Improving Wetware

Because technology is never the issue

Elixir Ecto simple SQL Query

Posted by Pete McBreen 21 May 2019 at 06:00

Demo after the previous post, showing just executing SQL

Interactive Elixir (1.8.1) - press Ctrl+C to exit (type h() ENTER for help)
iex(1)> alias Ora.Repo
iex(2)> result = Ecto.Adapters.SQL.query!(Repo, "select * from scott.emp where empno = :1 ", [7369])

13:34:54.892 [debug] QUERY OK db=16.0ms
select * from scott.emp where empno = :1  [7369]
  columns: ["EMPNO", "ENAME", "JOB", "MGR", "HIREDATE", "SAL", "COMM", "DEPTNO"],
  num_rows: 1,
  rows: [
    [7369, "SMITH", "CLERK", 7902, ~N[1980-12-17 00:00:00], 800.0, nil, 20]

Note. Can also use Ecto.Adapters.SQL.query which will then return the usual tuple

iex(3)> result = Ecto.Adapters.SQL.query(Repo, "select * from scott.emp where empno = :1 ", [7369])

13:38:05.739 [debug] QUERY OK db=16.0ms
select * from scott.emp where empno = :1  [7369]
   columns: ["EMPNO", "ENAME", "JOB", "MGR", "HIREDATE", "SAL", "COMM",
   num_rows: 1,
   rows: [
     [7369, "SMITH", "CLERK", 7902, ~N[1980-12-17 00:00:00], 800.0, nil, 20]

Need to set MIX_ENV to dev/test/prod to switch between environments.

Setting up Elixir and Ecto with jamdb_oracle

Posted by Pete McBreen 20 May 2019 at 15:00

Creating a simple Elixir application to test database connectivity to a legacy Oracle database (SCOTT) usign jamdb_oracle. Sorry for the wall of text, but could not find this clearly documented anywhere else, so putting it out here in case I ever need to find it again

C:\Dev\lelixir>mix new ora --sup
* creating
* creating .formatter.exs
* creating .gitignore
* creating mix.exs
* creating config
* creating config/config.exs  
* creating lib
* creating lib/ora.ex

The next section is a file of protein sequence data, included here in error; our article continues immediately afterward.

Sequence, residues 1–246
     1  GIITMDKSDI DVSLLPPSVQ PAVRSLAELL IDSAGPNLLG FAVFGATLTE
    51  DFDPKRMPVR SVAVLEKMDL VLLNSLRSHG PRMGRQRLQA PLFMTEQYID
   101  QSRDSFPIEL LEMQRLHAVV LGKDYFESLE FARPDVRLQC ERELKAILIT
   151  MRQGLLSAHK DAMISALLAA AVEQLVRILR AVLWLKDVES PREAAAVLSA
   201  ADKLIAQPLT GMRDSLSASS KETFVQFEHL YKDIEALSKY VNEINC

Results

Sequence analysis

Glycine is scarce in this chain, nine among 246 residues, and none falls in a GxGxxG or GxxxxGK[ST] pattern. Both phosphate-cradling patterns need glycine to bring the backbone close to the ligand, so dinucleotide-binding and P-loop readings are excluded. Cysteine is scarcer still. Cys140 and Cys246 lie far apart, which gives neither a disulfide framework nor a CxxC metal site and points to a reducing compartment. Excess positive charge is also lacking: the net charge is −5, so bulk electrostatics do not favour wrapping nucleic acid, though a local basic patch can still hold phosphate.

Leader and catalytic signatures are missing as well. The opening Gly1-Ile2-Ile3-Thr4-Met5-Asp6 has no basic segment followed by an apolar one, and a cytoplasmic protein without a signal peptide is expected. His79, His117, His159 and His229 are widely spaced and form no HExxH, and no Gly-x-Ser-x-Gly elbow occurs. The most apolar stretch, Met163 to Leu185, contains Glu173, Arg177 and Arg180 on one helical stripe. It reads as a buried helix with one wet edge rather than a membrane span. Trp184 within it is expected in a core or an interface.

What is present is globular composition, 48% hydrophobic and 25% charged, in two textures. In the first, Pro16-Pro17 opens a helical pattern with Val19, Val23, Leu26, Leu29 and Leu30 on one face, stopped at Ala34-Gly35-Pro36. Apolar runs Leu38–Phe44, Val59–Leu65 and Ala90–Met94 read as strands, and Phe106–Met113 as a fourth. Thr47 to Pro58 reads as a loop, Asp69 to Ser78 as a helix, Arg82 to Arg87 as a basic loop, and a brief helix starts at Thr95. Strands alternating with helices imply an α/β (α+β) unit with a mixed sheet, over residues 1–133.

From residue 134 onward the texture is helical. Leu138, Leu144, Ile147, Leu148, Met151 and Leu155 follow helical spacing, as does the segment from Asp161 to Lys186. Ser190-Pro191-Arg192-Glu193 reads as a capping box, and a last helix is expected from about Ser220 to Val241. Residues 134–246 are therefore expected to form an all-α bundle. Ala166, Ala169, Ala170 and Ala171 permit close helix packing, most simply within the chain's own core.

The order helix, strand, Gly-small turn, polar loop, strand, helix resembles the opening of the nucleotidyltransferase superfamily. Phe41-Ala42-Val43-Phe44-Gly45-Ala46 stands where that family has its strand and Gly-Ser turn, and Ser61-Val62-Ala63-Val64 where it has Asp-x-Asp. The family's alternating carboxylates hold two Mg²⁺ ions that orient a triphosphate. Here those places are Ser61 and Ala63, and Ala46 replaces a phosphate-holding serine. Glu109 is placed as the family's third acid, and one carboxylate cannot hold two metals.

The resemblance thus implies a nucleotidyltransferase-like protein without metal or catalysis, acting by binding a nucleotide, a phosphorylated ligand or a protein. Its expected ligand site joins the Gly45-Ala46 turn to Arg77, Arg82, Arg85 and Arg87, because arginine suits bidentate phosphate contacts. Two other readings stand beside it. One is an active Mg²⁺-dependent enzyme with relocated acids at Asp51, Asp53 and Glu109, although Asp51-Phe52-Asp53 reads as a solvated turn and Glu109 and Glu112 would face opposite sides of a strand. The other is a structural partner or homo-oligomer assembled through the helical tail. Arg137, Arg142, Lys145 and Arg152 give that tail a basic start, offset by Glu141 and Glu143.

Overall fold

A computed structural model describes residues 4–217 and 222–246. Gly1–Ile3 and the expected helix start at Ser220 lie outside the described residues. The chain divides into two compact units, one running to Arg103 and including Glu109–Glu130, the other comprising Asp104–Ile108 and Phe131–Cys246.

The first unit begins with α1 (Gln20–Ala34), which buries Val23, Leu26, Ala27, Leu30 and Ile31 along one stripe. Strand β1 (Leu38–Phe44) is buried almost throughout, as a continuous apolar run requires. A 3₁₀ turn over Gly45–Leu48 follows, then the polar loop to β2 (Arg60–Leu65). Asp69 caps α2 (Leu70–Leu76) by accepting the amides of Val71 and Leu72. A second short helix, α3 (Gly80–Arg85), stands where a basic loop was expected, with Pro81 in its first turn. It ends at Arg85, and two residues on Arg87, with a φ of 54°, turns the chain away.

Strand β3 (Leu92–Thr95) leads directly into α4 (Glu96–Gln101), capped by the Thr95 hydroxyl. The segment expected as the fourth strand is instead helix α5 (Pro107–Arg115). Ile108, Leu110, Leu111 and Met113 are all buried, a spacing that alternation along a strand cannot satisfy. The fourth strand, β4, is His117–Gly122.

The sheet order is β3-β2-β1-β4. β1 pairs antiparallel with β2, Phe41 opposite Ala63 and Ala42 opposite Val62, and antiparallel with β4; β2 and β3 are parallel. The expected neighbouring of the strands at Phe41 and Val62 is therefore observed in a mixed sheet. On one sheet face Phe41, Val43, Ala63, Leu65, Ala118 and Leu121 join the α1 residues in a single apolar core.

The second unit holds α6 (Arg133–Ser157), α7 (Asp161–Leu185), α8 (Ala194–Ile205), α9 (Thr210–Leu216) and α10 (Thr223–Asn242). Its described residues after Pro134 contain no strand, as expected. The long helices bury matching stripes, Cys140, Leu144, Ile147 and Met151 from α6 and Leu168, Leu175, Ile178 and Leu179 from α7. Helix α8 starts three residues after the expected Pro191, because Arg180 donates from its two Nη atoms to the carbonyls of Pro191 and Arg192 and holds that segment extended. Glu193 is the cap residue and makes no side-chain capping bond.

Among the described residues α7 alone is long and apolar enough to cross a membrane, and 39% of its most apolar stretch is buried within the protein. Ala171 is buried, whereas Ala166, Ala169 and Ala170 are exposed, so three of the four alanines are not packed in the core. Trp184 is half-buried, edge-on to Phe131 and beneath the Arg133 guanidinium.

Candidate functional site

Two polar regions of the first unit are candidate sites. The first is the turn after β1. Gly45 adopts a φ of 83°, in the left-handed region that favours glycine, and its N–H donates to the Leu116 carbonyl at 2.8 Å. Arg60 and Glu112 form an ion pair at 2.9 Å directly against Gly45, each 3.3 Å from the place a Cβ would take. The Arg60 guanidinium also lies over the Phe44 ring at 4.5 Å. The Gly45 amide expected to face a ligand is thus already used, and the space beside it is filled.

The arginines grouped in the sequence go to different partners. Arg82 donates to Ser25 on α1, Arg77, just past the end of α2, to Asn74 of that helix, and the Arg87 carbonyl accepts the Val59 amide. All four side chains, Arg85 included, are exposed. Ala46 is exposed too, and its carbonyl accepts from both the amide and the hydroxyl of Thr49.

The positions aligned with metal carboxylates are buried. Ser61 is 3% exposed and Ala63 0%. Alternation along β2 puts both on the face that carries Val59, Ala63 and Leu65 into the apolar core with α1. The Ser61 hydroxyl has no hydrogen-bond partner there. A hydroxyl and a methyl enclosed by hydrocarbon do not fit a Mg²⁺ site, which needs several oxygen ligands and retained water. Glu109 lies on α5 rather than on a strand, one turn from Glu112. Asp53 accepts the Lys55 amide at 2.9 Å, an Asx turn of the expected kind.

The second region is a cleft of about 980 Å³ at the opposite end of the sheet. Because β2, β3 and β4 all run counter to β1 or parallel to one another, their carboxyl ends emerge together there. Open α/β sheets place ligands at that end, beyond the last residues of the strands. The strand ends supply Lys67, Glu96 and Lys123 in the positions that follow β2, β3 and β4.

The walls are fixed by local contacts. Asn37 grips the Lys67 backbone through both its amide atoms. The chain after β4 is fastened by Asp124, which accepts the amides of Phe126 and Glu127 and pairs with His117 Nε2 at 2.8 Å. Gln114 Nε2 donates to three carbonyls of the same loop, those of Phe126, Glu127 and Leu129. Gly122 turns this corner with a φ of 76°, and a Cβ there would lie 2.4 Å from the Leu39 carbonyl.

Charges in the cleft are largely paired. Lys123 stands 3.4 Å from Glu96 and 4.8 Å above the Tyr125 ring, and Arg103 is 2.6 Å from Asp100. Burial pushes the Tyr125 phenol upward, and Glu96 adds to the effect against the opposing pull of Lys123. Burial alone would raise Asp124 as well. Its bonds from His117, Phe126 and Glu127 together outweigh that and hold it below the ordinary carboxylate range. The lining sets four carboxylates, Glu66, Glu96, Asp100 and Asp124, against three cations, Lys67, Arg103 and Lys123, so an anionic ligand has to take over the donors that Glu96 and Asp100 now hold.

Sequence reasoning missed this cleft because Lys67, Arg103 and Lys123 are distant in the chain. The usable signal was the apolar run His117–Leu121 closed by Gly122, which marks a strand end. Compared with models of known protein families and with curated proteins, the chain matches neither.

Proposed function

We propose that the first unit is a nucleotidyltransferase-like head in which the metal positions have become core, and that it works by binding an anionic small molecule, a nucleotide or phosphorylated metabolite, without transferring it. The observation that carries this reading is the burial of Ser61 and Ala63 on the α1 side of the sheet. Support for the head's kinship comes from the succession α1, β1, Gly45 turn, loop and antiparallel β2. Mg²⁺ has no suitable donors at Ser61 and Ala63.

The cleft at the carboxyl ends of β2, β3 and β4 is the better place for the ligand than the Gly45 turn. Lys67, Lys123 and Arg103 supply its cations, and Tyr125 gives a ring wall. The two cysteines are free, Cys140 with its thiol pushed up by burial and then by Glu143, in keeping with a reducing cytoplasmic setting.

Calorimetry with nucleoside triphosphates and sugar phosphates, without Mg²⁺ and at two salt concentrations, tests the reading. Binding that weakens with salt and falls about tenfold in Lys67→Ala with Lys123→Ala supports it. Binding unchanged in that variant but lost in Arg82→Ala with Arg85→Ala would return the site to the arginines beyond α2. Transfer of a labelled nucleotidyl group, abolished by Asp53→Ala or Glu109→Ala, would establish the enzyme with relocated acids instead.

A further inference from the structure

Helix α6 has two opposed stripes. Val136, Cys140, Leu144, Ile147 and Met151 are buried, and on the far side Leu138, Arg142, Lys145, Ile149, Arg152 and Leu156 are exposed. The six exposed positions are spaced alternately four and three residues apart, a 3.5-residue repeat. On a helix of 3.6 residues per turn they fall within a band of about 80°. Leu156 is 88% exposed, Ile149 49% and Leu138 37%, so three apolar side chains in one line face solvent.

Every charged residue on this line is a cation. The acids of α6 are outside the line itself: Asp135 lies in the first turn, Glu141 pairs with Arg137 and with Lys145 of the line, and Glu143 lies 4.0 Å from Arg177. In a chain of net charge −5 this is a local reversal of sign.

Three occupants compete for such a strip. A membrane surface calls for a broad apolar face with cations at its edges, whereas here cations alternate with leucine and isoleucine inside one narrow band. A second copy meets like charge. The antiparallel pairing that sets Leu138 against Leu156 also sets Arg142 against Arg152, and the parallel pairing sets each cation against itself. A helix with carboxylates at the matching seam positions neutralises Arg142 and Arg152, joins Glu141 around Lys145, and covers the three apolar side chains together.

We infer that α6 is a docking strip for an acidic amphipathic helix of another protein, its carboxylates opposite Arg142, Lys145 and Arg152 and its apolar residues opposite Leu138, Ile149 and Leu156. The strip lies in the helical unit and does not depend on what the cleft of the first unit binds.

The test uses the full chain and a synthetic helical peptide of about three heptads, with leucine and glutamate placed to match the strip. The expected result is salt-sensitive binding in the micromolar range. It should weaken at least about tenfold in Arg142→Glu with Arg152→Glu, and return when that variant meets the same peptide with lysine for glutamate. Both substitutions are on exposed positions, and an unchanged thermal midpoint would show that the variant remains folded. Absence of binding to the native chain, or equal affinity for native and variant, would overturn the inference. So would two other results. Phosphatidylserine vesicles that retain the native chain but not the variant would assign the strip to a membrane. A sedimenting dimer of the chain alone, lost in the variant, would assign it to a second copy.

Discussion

* creating lib/ora/application.ex
* creating test
* creating test/test_helper.exs
* creating test/ora_test.exs

Your Mix project was created successfully.
You can use "mix" to compile it, test it, and more:

    cd ora
    mix test

Run "mix help" for more commands.

C:\Dev\lelixir>cd ora


Setup for Oracle, using jamdb_oracle, need to edit ./mix.exs , adding in the extra applications that need to run

  # Run "mix help" to learn about applications.
  def application do
      extra_applications: [:logger, :ecto, :jamdb_oracle],
      mod: {Ora.Application, []}

further down add in the dependencies, specifying the versions the application wants from

  # Run "mix help deps" to learn about dependencies.
  defp deps do
      {:ecto, "~> 3.0"},
      {:jamdb_oracle, "~>0.3.2"}

Then need to run commands to get the dependencies and to compile them. Note that there are extras pulled in when the library you request also has dependencies.

C:\Dev\lelixir\ora>mix deps.get
Resolving Hex dependencies...
Dependency resolution completed:
  base64url 0.0.1
  connection 1.0.4
  db_connection 2.0.6
  decimal 1.7.0
  ecto 3.1.4
  ecto_sql 3.1.3
  jamdb_oracle 0.3.2
  jose 1.9.0
  telemetry 0.4.0